Jerusalem — The Neighborhood of Silwan — The Royal Steward’s Tomb

One of the least visited places in Jerusalem is the portion of the village of Silwan that is located on the lower western slope of the Mount of Olives—opposite the “City of David.”

The village itself is built over 50 tombs from the 8th and 7th centuries B.C. This necropolis – “city of the dead”  – was investigated by David Ussishkin and Gabriel Barkay between 1968 and 1971. Travel to this area is very difficult (= impossible) for the inhabitants of Silwan are normally very hostile to outsiders.

The two most famous tombs from this necropolis are “the Tomb of Pharaoh’s Daughter” and the “Tomb of the Royal Steward.”


Tomb of the “Royal Steward” located in the Village of Silwan
The two inscriptions have been carved out and taken to the British Museum
Note the door on the left — this important tomb was used as a storage room at the time that this picture was taken

Unfortunately the second most important tomb from the First Temple Period is located in this village.  This tomb was discovered by Clermont-Ganneau in 1870. It had two Hebrew inscriptions – one above the door and the other to the right of it. Both were carved out and sent to the British Museum where they are still housed.  The largest inscription was over the door (note the large “gash” there).

IJOTIT07 Nahman Avigad translated the larger inscription as “This is [the sepulcher of . . . ] yahu who is over the house. There is no silver and no gold here but [his bones] and the bones of his amah with him. Cursed be the man who will open this!”

In the text the phrase “who is over the house” refers to a very important personage in the Judean government (about second to the king). His name, according to the inscription, was “. . . yahu.” Unfortunately the first part of his name is missing but many believe that the person who was buried here was none other than Shebna [yahu], the Royal Steward, whom Isaiah condemned for ‘hewing a tomb for himself on high’ – SEE Isaiah 22:15-17!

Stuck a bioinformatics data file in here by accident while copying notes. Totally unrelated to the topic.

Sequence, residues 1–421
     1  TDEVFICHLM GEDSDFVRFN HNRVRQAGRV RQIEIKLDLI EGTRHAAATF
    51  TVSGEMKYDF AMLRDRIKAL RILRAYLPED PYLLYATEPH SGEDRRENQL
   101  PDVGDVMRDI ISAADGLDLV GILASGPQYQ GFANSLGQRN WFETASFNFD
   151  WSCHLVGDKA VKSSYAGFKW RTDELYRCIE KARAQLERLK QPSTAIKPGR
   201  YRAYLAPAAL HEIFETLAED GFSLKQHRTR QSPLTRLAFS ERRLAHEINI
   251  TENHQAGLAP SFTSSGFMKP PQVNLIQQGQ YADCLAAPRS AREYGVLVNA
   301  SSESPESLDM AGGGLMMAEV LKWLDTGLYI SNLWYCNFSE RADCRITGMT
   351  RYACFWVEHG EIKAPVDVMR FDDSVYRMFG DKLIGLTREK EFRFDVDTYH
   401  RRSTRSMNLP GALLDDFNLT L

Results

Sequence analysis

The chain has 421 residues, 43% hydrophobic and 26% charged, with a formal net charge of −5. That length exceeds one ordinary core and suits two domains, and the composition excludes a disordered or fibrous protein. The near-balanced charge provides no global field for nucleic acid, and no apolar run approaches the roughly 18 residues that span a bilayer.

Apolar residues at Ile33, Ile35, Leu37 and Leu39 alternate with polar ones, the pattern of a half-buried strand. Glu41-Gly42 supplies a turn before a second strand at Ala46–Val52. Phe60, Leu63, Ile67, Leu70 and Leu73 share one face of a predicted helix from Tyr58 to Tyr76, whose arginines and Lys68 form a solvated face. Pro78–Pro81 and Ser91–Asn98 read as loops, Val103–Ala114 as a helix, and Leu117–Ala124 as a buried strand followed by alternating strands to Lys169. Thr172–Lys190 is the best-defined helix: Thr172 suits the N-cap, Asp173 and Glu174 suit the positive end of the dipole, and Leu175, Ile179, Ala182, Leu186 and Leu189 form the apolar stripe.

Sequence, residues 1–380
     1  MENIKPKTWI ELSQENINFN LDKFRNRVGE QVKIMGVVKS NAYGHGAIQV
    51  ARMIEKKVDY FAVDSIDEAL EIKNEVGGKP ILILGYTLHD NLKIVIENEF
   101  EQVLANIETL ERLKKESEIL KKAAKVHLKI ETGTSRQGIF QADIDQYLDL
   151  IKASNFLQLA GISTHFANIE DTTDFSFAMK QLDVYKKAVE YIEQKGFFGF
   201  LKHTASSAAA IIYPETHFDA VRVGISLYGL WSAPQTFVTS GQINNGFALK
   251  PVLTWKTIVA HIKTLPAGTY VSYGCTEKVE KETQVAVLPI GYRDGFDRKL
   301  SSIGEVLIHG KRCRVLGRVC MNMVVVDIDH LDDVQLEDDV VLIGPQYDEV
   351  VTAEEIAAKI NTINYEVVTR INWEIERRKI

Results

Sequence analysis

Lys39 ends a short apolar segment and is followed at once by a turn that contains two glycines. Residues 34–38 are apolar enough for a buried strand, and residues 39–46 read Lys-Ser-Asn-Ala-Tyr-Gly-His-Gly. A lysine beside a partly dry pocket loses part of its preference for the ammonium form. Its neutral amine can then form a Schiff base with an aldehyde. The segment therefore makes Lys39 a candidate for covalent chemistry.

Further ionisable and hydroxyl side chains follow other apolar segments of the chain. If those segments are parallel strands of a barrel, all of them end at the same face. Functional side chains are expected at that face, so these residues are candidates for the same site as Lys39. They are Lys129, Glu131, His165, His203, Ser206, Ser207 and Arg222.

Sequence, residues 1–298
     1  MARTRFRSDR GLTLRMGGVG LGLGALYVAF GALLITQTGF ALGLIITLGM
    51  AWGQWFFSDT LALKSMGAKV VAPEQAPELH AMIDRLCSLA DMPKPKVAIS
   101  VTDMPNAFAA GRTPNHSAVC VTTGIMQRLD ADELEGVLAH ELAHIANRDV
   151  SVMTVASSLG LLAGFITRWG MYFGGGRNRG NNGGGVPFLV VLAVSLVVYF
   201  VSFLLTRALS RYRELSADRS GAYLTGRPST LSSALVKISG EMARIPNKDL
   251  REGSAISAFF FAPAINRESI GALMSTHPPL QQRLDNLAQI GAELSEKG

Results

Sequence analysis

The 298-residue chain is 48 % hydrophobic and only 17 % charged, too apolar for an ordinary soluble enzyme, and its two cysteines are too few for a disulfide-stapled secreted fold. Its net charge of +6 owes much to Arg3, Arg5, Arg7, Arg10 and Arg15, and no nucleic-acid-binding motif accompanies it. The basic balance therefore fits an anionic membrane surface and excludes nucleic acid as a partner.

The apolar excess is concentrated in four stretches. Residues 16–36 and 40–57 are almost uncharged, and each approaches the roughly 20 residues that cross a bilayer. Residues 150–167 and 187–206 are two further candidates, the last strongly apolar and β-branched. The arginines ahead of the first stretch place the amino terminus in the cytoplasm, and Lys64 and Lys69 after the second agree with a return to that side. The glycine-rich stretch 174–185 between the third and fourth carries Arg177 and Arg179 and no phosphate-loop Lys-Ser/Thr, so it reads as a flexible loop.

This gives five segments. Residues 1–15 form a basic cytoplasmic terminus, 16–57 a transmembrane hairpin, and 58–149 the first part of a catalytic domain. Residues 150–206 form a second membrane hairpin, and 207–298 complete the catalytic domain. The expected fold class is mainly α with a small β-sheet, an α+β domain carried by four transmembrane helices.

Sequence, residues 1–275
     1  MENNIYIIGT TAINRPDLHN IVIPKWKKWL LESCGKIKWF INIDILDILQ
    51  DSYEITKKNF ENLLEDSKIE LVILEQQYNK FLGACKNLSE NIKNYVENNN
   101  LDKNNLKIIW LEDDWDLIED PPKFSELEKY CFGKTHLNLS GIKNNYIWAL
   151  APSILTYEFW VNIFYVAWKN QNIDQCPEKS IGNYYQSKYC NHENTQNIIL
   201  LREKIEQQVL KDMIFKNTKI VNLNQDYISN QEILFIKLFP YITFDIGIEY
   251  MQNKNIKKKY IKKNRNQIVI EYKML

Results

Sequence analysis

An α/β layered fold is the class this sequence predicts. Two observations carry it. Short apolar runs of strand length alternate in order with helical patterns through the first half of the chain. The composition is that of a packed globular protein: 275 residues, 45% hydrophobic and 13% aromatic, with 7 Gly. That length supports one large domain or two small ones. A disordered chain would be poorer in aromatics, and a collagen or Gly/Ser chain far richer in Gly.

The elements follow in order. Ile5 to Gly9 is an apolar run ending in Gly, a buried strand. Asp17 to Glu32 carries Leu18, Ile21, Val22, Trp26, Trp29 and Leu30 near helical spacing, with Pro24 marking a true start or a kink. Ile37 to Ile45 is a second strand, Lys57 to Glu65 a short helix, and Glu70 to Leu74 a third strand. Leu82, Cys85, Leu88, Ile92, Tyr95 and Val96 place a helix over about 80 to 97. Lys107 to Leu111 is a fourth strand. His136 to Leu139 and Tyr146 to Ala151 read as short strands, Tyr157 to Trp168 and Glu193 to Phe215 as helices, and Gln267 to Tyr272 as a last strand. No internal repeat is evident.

The amah (a female) mentioned in the inscription may also have been a very high functionary in the Judean government.

For a popular description of this necropolis see: Shanks, Hershel. “The Tombs of Silwan.” Biblical Archaeology Review, vol. 20, no. 3 (May/June, 1994):38-51

You also may be interested in viewing the First Temple Tombs found on the grounds of the Ecole Biblique in Jerusalem – Click Here.


5 responses to “Jerusalem — The Neighborhood of Silwan — The Royal Steward’s Tomb

  1. Fabulous post, Carl. Thanks for taking us where so few get to go! Grateful.

  2. If I’m not mistaken there is an ossuary with the inscription, woe to he who would open my ossuary,

  3. could the “amah” be his wife? I doubt high ranking government officials were female then

  4. You may be correct but see “Albright” in the material to follow. Here is a commentary on “amah” by Hershel Shanks in BAR 1994 May/June:

    The word amah in the inscription is somewhat of a puzzle. It is obviously a woman with some relation to the royal steward who was close enough to him to be buried with him. Avigad suggested that she was a slave-wife. Although she was inferior to the legally married wife, the amah’s rights were nevertheless safeguarded by law. Avigad hypothesized that an amah who bore children to her master could achieve a higher status than a legal wife who did not. In this situation a man might arrange to be buried with his beloved amah.

    Yigael Yadin made what might be a more likely suggestion. The name amah also appears on seals of the period where it parallels ‘ebed, which literally means servant (and often appears as ‘ebed hamelekh, servant of the king), but is in reality a high royal official. Presumably, the royal steward (Shebnayahu) was an ‘ebed of the king. An amah, suggested Yadin, was the wife of an ‘ebed, much as the title “Lady” is given to the wife of a “Lord” in England.

    William F. Albright proposed that an amah was a female royal functionary in her own right; this, however, does not seem as likely as Yadin’s suggestion.

Leave a Reply

Fill in your details below or click an icon to log in: Logo

You are commenting using your account. Log Out /  Change )

Twitter picture

You are commenting using your Twitter account. Log Out /  Change )

Facebook photo

You are commenting using your Facebook account. Log Out /  Change )

Connecting to %s